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10 questions you should ask the interviewer
11:46am Wednesday 8th June 2011
You bought a new suit and you are ready for the interview. Also your CV is flawless and you even seem great on paper. Now, for the last piece of the successful job search puzzle you need to impress them at the interview.
How do you do it? Try asking questions. Besides showing your interest in the position and the company, asking questions gives you an active role in the interview and lets you steer the interview into areas where you shine.
To make sure your next interview is as smooth as your freshly pressed suit, try these 10 questions on for size:
"What type of growth and advancement opportunities does this position and the company offer?"
This tells the interviewer that you have a long-term vision for your professional future and that you're not just looking for a paycheque; you're looking to secure a career.
"How do you see me benefiting the company?"
Finding out why you were selected out of possibly hundreds of other candidates gives you a chance to expand on the qualities that caught their eye, further making the case for your hire.
"What exactly are the job responsibilities?"
Job ads usually list the general areas of responsibility for a position. It's always good to confirm what the actual duties will be. You don't want to start your new job as an engineer and find out you're responsible for the weekly doughnut run.
"What would my first project be if I'm hired?"
This will give you a specific idea of what you can expect when you walk into the office that first day after being hired. It also can give you a heads up as to what will be expected of you, allowing you to build on those attributes during the interview.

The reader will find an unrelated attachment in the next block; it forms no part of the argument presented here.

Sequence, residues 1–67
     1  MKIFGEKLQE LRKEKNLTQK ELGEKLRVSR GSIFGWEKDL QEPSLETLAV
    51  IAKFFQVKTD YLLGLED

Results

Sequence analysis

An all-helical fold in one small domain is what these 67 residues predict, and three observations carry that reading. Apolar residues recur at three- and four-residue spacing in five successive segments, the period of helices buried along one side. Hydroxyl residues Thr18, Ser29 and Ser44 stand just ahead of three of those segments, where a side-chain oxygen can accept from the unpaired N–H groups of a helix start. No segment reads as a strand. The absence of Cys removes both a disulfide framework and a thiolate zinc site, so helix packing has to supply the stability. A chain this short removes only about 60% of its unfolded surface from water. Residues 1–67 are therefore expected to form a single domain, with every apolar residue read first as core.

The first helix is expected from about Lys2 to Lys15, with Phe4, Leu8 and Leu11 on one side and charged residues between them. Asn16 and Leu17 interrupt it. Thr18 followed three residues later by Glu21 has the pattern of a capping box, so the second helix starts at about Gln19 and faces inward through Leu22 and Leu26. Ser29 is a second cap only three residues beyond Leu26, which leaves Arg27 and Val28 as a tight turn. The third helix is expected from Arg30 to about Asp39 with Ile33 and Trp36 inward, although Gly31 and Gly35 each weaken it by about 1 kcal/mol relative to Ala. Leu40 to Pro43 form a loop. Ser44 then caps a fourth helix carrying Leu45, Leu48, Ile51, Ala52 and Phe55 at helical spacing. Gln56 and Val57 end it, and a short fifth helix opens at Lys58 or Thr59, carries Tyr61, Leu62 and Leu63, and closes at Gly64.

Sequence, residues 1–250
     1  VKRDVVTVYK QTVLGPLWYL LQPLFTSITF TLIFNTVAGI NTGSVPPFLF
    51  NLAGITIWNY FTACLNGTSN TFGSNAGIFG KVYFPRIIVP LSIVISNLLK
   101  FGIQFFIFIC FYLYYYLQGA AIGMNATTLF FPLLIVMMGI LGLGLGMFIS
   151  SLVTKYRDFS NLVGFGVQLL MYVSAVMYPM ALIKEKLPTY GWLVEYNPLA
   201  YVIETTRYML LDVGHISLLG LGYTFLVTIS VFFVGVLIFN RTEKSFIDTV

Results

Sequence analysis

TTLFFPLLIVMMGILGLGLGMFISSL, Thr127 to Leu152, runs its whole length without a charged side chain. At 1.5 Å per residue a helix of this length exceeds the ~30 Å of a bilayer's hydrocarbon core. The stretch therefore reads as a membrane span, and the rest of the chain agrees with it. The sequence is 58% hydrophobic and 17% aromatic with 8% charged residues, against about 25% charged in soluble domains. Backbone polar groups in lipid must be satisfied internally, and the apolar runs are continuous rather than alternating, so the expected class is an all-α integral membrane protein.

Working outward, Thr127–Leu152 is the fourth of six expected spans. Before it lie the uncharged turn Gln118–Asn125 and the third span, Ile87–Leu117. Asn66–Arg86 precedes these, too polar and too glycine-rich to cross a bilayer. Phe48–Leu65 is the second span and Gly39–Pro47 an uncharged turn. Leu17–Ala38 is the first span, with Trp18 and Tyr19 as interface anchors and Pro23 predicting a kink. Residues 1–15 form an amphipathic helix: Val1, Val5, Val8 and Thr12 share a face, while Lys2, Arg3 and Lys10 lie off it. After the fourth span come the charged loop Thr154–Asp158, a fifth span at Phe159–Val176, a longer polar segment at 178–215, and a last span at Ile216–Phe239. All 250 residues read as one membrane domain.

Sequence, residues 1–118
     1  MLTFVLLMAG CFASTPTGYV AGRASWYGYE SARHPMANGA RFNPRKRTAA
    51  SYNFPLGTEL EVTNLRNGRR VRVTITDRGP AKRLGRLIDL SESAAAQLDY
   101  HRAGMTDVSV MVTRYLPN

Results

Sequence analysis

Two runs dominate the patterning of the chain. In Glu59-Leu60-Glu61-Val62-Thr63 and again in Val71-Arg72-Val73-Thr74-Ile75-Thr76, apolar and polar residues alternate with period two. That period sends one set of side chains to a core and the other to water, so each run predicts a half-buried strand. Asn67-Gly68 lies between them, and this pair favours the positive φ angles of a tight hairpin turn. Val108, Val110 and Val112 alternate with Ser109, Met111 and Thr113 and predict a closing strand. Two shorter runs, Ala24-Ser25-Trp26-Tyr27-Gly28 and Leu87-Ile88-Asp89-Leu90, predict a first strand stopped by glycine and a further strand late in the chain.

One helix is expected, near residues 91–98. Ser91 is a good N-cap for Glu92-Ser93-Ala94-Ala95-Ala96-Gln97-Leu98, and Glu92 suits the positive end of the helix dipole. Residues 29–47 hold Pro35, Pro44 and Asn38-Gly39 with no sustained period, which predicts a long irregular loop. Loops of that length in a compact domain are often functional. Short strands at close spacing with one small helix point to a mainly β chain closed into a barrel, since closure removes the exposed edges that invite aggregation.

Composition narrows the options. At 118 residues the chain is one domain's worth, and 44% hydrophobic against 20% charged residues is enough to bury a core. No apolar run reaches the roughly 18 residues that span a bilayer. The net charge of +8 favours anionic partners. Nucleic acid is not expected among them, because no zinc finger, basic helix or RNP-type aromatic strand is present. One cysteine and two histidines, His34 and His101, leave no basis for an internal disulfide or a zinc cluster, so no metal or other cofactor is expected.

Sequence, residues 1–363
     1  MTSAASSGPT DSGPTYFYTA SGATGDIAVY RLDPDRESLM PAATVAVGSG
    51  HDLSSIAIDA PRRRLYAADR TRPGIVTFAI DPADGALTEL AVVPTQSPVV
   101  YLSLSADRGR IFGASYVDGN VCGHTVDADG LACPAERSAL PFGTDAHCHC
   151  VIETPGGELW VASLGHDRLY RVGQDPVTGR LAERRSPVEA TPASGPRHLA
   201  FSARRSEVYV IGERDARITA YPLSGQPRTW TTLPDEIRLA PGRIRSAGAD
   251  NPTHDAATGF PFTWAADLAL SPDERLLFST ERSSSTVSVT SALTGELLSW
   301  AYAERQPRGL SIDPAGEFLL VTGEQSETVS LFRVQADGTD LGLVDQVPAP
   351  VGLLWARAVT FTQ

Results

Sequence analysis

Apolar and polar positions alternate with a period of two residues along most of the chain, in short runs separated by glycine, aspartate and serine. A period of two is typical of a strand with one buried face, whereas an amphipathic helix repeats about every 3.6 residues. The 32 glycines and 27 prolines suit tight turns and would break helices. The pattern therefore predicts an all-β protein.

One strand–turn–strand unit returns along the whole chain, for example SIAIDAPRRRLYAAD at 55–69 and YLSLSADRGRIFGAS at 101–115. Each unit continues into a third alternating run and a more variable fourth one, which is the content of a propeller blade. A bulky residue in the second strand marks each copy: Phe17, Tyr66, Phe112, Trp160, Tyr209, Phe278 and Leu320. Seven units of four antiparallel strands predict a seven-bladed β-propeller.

"Who will evaluate me if I'm hired?"
Ask this question, and you'll discern the company and departmental structure under which you will be working. For instance, will you report directly to the vice president or will there be a succession of middle managers between you?
"Are continuing education and professional training stressed?"
This shows your willingness to learn new skills and adapt to new challenges or initiatives. Adaptability is very important in today's changing economy and could be key to retaining your job in a reorganisation.
"What is the company's culture?"
This will reveal those "intangibles" of a company that have nothing to do with professional experience or required education. If you need a traditional, office/cube environment to stay focused and get the job done, a more creativity-driven workplace which allows music streaming from computers, nerf hoop tournaments and ultraflexible schedules may not be conducive to your productivity.
"Why did you choose this company?"
Hearing why a current employee opted to work at the firm can give you some insight into some of the strengths and opportunities within the organisation.
"When will a decision be made on the successful candidate?"
Knowing this helps you determine the timing of your interview follow-up activities.
"May I contact you if I have other questions?"
It's always good to wrap up the interview with this question. It keeps the door open for further communication, giving you one last chance to make your case.